Table of Contents

Last modified on August 3rd, 2022

All the four basic operations we perform, i.e., addition, subtraction, multiplication, and division, are performed on two operands. For example: 2 + 2 = 4, 6 – 3 = 3, 4 × 3 = 12, and 5 ÷ 5 = 1 are performed on two operands.

Even if we consider three or more operands, such as 2 + 2 + 5, we first operate on two operands, 2 + 2 = 4, and then add the result 4 with the third operand to get the result. Such an operation involving two inputs or operands is called a binary operation. The term ‘binary’ means two.

Let us consider a non-empty set ‘A’ having elements x and y on which the binary operation * is performed. Then, it should satisfy the conditions x ∈ A and y ∈ A, and if x*y = z, then z ∈ A. In other words, the operands and the result must belong to the same set.

There are six main properties followed for solving any binary operation. Let us consider set A discussed above and its elements x, y, and z.

A binary operation * on a non-empty set A, where A = {x, y} has closure property, if x ∈ A, y ∈ A ⇒ x * y ∈ A. Thus, addition is a binary operation that is closed for integers (Z), natural numbers (N), and whole numbers (W). It is also closed for real numbers (R) and complex numbers (C).

For example, for set A, if x = 2 ∈ A, y = 3 ∈ A, a * b = (2 * 3) = 6 ∈ A

The associative property of binary operations holds if, for a non-empty set A, we can write (x * y) *z = x*(y * z), where A = {x, y, z}. Associate property is also true for addition binary operation. Such that for set A, (x + y) + z = x + (y + z)

For example, for set A, if x = 2 ∈ A, y = 3 ∈ A, and z = 5 ∈ A, then (2 * 3) *5 = 30 = 2*(3 * 5)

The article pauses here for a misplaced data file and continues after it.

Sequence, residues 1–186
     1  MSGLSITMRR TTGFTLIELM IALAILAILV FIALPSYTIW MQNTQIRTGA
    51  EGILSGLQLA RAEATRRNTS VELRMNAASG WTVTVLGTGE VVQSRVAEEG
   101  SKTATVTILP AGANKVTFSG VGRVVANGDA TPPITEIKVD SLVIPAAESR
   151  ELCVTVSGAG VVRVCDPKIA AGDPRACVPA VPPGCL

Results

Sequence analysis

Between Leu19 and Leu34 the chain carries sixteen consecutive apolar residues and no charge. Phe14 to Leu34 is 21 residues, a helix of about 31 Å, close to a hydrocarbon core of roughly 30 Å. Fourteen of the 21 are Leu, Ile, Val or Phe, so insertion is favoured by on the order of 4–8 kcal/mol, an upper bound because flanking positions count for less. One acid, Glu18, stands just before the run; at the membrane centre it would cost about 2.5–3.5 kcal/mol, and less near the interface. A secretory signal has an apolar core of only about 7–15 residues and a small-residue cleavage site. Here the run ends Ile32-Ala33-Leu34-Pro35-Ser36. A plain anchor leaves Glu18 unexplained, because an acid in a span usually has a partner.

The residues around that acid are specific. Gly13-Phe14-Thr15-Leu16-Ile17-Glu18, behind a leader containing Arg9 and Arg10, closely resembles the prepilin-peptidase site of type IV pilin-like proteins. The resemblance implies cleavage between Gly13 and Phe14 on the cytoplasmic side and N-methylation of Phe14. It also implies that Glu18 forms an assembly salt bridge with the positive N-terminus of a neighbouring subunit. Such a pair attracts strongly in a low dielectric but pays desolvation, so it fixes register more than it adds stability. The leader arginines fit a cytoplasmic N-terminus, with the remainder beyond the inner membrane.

Binary operations subtraction and division are not associative.

A binary operation * on a non-empty set A is commutative if x * y = y * x, where (x, y) ∈ A. The commutative property is true for addition and multiplication.

For example, for set A, if x = 2 ∈ A, y = 3 ∈ A, then 2 * 3 = 6 = 3 * 2

Binary operations subtraction and division are not commutative.

Let * and Φ be two binary operations defined on a non-empty set A. The binary operations are distributive if x*(y Φ z) = (x * y) Φ (x * z) or (y Φ z)*x = (y * x) Φ (z * x).

For example, for set A, if x = 2 ∈ A, y = 3 ∈ A, and z = 5 ∈ A, and * is multiplication and Φ is addition, then 2*(3 + 5) = 16 = (2 * 3) + (2 * 5) or (3 + 5)*2 = 16 = (3 * 2) Φ (5 * 2)

Similarly, the binary operations * and – are also distributive for 2*(3 – 5) = -4 = (2 * 3) – (2 * 5) or (3 – 5)*2 -4 = (3 * 2) – (5 * 2)

Binary operations subtraction and division are not distributive.

A non-empty set A, with * as the binary operation, is said to hold the identity element, i ∈ A if i * x = x * i= x where ∀ a ∈ P. Thus, if the binary operation * is addition then i = 0 and if * is × then i = 1

For example, for set A, when * is +, and x = 2 ∈ A, then 2 + 0 = 2. Similarly, when * is ×, then 2 × 1 = 2

A non-empty set A, with * as the binary operation, holds the inverse property if x * y = y * x = i, ∀ {x, y, i} ∈ A. Here in set A, x is the inverse of y, y is the inverse of x, and i is the identity element.

It is the tabular representation of all the elements of a set. The binary operation table shows the elements listed along with the binary operation performed.